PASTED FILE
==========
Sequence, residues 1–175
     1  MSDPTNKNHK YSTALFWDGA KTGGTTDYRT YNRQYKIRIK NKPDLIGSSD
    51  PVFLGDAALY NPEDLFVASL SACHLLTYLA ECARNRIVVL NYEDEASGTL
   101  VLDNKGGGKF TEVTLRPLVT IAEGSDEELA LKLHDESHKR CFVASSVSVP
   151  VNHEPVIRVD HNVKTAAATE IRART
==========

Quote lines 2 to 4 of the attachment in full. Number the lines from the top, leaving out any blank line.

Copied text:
     1  MSDPTNKNHK YSTALFWDGA KTGGTTDYRT YNRQYKIRIK NKPDLIGSSD
    51  PVFLGDAALY NPEDLFVASL SACHLLTYLA ECARNRIVVL NYEDEASGTL
   101  VLDNKGGGKF TEVTLRPLVT IAEGSDEELA LKLHDESHKR CFVASSVSVP